They share that none of the major institutions – business, nonprofits, government, or media – is trusted. Under twenty percent of the general population express confidence in the system. Sixty-six percent of people said they do not have confidence that their current leaders will be able to successfully address their country’s challenges. And 73 percent are looking for change.

This trend has both very positive and very disconcerting ramifications. On the negative side, there seems to be less civility today than before. There are deeper divides and less commitment to collaboration. Walls are being built, enemies are being made, good people are being maligned and are often being replaced by the inexperienced and vitriolic.

On the positive side, many people are calling for change and taking action. This phenomenon is best reflected recently by young activist Greta Thunberg who, like millions of others, are using what they have, where they are, to create change.

My father started Points of Light, the largest organization focused on promoting voluntary service and social responsibility in the world, because he recognized that governments alone cannot address human challenges. He recognized that there are thousands of non-profits, faith institutions, and corporations that use human capital to solve problems, to lift individuals to realize their full potential, that build communities, respond to crises, and address the aforementioned challenges to sustaining life on earth for generations of humans to come.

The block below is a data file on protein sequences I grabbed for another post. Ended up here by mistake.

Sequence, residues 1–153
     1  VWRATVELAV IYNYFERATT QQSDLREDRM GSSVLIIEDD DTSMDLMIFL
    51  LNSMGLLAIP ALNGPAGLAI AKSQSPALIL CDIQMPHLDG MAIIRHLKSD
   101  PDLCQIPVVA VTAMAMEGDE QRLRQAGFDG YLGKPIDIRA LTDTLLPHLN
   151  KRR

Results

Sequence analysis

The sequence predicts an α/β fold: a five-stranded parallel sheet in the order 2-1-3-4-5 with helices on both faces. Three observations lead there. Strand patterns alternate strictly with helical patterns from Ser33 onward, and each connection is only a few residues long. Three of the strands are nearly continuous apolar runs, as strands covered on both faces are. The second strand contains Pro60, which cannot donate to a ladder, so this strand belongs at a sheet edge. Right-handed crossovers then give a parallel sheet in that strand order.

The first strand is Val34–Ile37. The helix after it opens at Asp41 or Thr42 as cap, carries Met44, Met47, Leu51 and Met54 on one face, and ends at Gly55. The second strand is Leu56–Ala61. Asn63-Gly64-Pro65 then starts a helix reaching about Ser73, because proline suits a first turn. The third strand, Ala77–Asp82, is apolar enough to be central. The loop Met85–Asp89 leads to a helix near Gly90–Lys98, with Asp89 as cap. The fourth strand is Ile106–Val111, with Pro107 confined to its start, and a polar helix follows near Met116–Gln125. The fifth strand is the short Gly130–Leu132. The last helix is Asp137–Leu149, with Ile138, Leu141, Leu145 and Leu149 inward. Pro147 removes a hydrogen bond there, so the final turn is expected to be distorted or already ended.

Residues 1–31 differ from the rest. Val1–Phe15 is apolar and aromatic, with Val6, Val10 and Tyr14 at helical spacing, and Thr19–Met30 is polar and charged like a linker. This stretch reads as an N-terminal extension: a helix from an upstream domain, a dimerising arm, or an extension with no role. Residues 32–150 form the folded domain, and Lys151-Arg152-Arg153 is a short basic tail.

I am extremely proud to chair Points of Light. In recent years it has been amazing to see how the way people engage today is changing.

In addition to volunteering in a traditional way to mentor a kid, clean up a neighborhood, feed the homeless, and teach an adult how to read, more and more people these days are making conscious decisions based on core values of doing good. They choose to work with companies that have established a culture of service; they choose to buy products from companies that are socially responsible; more and more people are creating their own social enterprises to find new, innovative ways to address systematic change.

Points of Light believes when people look back at this time they will see an era of sustained, meaningful civic engagement, fueled by a global community of people driven by our common humanity, ready and willing to do good. We are defining this era as The Civic Century. And there is a role for everyone – individuals, nonprofits, and especially businesses.

A recent CEO Study on Sustainability from the United Nations and Accenture found that only 21% of CEOs feel business is currently playing a critical role contributing to the UN’s Sustainable Development Goals. However, 71% of CEOs believe that with increased commitment and action, businesses can play a critical role.